Wireshark-dev: Re: [Wireshark-dev] [Wireshark-commits] rev 35975: /trunk/epan/dfilter/ /trunk/e
From: Guy Harris <[email protected]>
Date: Thu, 17 Feb 2011 10:55:06 -0800
On Feb 17, 2011, at 9:49 AM, Gerald Combs wrote:

> However this produces an error:
> 
> --------
> #include <malloc.h>
> 
> void f( )
> {
>  char *p;
>  int testval = 1;
> 
>  if ((p = ( char * ) malloc( 10 )) && testval) {
>    *p = '\0';
>   free( p );
>  }
> }
> --------
> 
> test.c(9) : warning C6011: Dereferencing NULL pointer 'p': Lines: 5, 6, 8, 9

I suspect that

 if (testval && (p = ( char * ) malloc( 10 ))) {

would also produce a warning.

My guess is that

	1) whatever intermediate representation the code analyzer is handed represents "p" and "p != 0" differently - which makes sense, given that

		a = p;

	   and

		a = (p != 0);

	   aren't the same thing

but

	2) the code analyzer is smart enough to know that, when used as the expression in an if statement, "p" tests whether the pointer is null, so in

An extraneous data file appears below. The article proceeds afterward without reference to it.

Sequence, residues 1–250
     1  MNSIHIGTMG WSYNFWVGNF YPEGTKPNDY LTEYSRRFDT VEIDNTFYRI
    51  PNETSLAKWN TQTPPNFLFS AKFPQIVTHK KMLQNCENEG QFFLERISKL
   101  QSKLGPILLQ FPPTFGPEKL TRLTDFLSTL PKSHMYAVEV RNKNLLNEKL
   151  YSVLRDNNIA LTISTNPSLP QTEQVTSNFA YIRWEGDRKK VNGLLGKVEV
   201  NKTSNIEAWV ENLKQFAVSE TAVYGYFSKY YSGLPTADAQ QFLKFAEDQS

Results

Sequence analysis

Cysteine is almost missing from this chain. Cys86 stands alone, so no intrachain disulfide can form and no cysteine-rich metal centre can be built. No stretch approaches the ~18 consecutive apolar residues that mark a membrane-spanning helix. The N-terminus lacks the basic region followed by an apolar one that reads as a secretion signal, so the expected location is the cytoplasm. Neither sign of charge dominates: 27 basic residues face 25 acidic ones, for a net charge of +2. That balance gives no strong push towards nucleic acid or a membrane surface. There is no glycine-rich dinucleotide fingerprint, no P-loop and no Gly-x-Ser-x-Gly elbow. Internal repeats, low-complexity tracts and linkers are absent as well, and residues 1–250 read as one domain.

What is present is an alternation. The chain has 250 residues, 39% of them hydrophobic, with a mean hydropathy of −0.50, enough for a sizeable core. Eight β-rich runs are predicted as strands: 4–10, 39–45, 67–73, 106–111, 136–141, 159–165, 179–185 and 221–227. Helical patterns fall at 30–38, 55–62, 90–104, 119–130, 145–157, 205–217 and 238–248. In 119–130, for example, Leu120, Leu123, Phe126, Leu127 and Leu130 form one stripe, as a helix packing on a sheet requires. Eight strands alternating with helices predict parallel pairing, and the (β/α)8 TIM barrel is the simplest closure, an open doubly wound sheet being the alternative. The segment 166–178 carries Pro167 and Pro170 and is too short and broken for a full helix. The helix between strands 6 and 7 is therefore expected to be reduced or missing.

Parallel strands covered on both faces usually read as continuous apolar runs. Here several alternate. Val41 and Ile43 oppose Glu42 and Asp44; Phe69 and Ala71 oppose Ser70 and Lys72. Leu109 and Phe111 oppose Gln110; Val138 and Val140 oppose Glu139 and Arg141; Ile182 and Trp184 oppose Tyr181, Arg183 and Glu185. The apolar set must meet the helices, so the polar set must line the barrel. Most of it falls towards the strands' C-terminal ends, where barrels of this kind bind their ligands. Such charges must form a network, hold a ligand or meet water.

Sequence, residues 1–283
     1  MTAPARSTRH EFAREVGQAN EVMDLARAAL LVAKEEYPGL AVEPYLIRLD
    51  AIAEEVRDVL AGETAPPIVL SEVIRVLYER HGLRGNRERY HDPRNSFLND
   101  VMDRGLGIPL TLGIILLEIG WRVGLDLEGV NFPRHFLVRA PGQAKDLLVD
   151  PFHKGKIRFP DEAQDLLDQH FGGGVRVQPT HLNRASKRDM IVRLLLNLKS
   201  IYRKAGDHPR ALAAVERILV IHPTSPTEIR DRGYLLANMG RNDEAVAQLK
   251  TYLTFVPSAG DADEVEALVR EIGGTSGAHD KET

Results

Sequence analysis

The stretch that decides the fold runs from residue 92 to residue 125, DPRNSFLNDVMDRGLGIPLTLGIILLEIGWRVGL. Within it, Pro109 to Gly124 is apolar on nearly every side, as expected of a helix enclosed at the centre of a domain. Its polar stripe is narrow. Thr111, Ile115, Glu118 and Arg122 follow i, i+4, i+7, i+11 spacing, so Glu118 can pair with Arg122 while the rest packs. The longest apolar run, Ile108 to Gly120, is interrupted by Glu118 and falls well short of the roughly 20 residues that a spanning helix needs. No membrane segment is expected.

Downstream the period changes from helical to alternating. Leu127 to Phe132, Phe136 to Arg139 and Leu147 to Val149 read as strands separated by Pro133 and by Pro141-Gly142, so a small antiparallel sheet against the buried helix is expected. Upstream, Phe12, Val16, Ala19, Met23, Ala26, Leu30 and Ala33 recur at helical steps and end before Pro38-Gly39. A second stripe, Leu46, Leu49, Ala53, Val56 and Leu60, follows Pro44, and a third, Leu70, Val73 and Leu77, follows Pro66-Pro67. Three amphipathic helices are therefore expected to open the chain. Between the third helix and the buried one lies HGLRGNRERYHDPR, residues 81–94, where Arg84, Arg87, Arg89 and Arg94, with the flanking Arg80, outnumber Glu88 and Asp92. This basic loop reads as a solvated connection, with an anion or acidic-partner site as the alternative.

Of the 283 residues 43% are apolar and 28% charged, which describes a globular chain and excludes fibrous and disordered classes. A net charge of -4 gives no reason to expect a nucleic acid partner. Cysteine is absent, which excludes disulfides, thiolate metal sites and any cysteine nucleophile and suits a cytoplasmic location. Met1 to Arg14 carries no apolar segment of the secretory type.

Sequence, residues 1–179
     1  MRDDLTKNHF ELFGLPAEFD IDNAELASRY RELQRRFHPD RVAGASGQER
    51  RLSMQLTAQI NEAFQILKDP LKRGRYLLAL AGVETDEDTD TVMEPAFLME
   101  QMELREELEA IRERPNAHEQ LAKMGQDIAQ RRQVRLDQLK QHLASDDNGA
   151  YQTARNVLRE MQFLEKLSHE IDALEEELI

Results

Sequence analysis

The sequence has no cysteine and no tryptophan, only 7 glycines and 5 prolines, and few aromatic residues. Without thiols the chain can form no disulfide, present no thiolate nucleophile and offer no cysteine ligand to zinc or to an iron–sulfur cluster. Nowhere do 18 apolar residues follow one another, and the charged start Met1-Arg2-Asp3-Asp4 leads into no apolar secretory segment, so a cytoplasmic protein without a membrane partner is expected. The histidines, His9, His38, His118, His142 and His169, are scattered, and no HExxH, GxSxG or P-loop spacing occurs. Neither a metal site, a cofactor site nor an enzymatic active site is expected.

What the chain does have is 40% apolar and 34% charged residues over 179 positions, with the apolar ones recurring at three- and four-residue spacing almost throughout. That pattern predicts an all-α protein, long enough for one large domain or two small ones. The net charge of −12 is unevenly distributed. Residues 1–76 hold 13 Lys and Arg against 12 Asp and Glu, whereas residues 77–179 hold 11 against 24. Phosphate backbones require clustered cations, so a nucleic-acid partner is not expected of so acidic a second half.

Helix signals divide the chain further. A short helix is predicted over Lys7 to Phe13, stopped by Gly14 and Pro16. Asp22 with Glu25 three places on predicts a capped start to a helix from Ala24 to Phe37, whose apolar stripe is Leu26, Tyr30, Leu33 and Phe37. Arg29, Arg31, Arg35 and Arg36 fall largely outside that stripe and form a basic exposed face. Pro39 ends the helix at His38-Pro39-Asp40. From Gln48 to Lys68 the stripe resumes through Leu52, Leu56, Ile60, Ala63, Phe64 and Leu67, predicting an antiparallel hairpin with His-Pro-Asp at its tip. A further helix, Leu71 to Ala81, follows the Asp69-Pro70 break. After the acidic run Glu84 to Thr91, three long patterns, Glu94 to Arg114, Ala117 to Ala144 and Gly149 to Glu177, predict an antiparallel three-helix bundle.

if (p) {
			use p
		}

	   p is known to be non-null, but it isn't smart enough to know that if "p" is used in, for example, a short-circuit Boolean expression, it also tests whether it's null, so in

		if (p && q) {
			use p
		}

	   or

		if (q && p) {
			use p
		}

	   p is known to be non-null.

So, until this bug is fixed, we either need to remember which of the "Dereferencing NULL pointer" warnings are bogus, put in a #pragma to disable ones we know to be bogus if that's possible, keep checking them every time, or use "p != NULL" or "p == NULL" rather than "p" or "!p" in short-circuit Boolean expressions.